Christopher Nolan’s 10th feature film finds the director delving into the past to tell the story of Dunkirk, a moment during World War II in which 400,000 British and French soldiers find themselves cornered along the shore of the Strait of Dover with German forces closing in from all sides. Focusing on the extraction of the British soldiers, the film’s narrative is split into three timelines, from the perspectives of those on land, on the sea, and in the air. The most unique feature here is the differences in time dilation that each of these plot threads experiences—the time scale covering a week, a day, and an hour, respectively. Much like the structuring of Steven Soderbergh’s TRAFFIC, these scenarios are differentiated from one another via distinct tones. Despite being a war film and covering so much material, the film is relatively light on dialogue. Instead, Nolan seeks to create impact through visually stunning detail and intimate camera work. Cameras are strapped to planes, on boats, and to cameraman in the water, creating a deeply immersive experience. As seen throughout his oeuvre, in which he’s been a proponent of on-location shooting and the use of practical effects, the vast beaches coupled with huge warships create a daunting sense of scale. This immensity also helps to create isolation; some of the characters seem but a drop of rain in a storm—an impression accentuated by the use of soft focus during long shots. Hans Zimmer’s score creates foreboding and suspense. Rising and swelling like the sea itself, the music is underlined with the tick-tock of a pocket-watch, driving home the theme of elapsing time. Drawing inspiration from films as diverse as SUNRISE and SAVING PRIVATE RYAN, and building on ideas explored in Nolan’s own films MEMENTO and INCEPTION, DUNKIRK immerses its audience with its complex, interweaving storylines. (2017, 106 min, 70mm) KC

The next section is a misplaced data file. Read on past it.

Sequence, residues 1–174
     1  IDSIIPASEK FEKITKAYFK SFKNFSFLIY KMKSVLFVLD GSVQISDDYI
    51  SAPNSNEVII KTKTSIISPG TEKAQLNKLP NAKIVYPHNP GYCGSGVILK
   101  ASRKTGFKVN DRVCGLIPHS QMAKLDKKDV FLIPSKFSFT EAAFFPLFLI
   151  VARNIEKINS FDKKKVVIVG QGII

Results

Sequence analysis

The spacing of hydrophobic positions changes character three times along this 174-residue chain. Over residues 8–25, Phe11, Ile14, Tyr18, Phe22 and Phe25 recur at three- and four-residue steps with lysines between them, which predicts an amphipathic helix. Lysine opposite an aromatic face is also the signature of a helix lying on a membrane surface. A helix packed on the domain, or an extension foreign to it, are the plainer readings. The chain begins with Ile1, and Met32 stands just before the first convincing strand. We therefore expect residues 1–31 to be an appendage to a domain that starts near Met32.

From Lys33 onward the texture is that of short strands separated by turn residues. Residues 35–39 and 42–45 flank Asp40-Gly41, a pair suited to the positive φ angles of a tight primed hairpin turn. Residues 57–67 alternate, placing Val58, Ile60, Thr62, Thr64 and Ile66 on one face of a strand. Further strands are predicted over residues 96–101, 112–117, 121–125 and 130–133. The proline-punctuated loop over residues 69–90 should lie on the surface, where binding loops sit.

*DUNKIRK also has suburban 70mm showings, and is showing in multiple locations digitally. Also note that Wednesday is the final day that DUNKIRK will be showing in 70mm; the Thursday screenings are digital.
Steven Spielberg’s HOOK (American Revival)
Gorton Community Center (400 E. Illinois Rd., Lake Forest, IL) – Friday, 7pm